4 IFR Training Tips To Help You Start Flying in the Clouds

4 min read
Jun 21, 2022

The transition from flying under Visual Flight Rules (VFR) to Instrument Flight Rules (IFR) brings new challenges. You must learn new skills, adhere to new sets of regulations, and expand the types of training you do to gain proficiency. However, the work you put into becoming an IFR pilot is well worth it. An instrument rating opens up new allowances and rewarding opportunities for your flying. Plus, the knowledge you gain along the way helps you become a better pilot. If you have designs on flying in the clouds, here are four tips to help you get started.

Be Patient

Your first IFR lesson is usually quite a wake-up call. Sure, you had your required three hours under the hood while earning your private pilot certificate, but your first IFR lesson involves doing more than maintaining straight and level flight and practicing standard rate turns. Besides, like everyone else during primary pilot training, you probably snuck a peek at a visual reference with your peripheral vision, even if accidentally.  

But during your first IFR lesson, you will find yourself responsible for much more than stable flight and the ability to get yourself out of instrument meteorological conditions (IMC). Now you must also perform more complex navigation, talk on the radio, reference an approach plate, and keep a lot of information well-organized in your head — all while your autopilot remains turned off. That is a tall order, even with an occasional sideways glance out the window. 

But the fact remains that many before you have conquered the cloudy skies, and you can too. Truly, it’s a matter of regular practice and exposure to the conditions and situations flight in IMC presents. Keep at it — and fly in actual IMC with your flight instructor as often as the weather conditions allow.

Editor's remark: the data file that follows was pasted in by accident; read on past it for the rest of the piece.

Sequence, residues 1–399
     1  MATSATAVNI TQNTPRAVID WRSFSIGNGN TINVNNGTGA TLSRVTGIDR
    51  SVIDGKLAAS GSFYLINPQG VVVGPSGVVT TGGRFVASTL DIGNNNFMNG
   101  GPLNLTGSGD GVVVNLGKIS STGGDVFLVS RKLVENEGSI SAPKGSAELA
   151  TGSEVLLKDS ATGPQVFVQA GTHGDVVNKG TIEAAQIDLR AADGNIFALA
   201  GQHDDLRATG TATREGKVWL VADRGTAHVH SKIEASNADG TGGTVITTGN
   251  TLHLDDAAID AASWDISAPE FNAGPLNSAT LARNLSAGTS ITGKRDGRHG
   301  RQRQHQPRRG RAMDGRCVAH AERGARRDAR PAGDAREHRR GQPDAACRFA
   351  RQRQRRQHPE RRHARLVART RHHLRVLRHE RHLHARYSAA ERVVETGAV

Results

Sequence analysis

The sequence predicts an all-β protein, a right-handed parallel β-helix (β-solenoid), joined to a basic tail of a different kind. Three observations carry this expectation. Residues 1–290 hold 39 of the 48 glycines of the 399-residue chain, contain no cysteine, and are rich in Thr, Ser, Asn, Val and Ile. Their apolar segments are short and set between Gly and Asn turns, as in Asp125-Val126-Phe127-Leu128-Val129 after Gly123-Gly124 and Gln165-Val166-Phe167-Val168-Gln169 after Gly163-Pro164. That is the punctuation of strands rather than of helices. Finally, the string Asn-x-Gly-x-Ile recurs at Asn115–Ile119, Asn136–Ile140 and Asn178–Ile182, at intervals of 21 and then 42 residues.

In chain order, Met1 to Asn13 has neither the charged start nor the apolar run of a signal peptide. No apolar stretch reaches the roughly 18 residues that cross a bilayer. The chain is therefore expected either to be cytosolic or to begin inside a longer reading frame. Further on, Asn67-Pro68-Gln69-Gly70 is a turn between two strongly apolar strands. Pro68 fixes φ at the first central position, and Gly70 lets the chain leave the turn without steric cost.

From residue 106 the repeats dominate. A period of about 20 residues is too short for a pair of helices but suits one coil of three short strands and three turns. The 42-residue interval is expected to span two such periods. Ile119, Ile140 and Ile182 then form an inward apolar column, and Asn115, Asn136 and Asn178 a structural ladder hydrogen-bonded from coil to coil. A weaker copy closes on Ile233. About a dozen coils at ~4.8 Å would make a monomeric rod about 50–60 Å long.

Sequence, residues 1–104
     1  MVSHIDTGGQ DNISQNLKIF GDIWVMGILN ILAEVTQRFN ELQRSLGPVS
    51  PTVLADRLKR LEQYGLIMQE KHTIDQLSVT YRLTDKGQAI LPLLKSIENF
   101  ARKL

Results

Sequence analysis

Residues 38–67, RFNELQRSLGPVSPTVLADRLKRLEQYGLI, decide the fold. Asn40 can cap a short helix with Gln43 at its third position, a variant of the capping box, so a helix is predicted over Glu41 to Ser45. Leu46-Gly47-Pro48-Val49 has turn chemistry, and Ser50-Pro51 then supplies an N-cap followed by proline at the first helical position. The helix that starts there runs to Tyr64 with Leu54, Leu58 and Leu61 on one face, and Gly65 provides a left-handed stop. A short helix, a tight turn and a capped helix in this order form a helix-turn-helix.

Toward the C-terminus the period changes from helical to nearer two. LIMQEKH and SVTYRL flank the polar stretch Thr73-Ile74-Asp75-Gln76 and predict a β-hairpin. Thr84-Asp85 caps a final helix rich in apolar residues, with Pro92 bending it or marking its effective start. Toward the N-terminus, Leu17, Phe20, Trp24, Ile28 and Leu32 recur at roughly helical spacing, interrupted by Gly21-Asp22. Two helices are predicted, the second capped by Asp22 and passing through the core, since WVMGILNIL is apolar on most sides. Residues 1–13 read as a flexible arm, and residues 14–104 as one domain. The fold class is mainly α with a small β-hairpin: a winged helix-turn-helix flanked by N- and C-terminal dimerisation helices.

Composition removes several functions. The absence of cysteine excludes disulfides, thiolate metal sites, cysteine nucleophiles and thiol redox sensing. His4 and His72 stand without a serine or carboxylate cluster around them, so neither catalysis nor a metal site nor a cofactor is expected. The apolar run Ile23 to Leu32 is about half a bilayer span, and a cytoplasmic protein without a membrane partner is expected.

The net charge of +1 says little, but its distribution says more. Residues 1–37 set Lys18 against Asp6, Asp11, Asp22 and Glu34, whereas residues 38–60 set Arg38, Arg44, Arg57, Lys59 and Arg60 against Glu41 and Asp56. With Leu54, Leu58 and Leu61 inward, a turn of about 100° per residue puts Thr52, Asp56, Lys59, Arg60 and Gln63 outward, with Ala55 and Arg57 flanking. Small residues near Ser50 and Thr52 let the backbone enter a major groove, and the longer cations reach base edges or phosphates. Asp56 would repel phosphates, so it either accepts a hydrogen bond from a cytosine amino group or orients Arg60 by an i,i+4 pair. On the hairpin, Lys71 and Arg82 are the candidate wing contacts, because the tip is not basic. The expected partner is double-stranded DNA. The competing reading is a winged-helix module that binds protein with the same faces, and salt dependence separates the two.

Related Content: An Introduction to Single-Pilot Resource Management in TAAs

Keep Your Private Pilot Training in Mind

As you progress through instrument training, look for similarities and differences from your primary pilot training. This will reassure you in some areas and help identify other areas that require more attention. 

For example, when you were a pre-solo student pilot, you fumbled and hesitated on the radio, but with some practice, you could anticipate what air traffic control was going to say and how to respond. 

Now that you are pursuing your instrument rating, you will experience a similar learning curve with the new information you must organize and communicate — but it’s a familiar feeling you will get used to over time. The first time you chase the needle on an ILS approach is one example where the learning curve may feel pronounced. As a VFR pilot, you may have set your VOR to track a station 30 miles or so away and not seen your CDI move unless you were deviated by hundreds or thousands of feet. 

Riding the rail on an ILS approach requires you to maintain proper position in all three dimensions while descending at a constant speed — and all this while the CDI and GS needles become ever twitchier as the runway draws near. The stark contrast will make apparent an area that requires constant attention in your training.

New call-to-action

Recognize the Duality of the Glass Flight Deck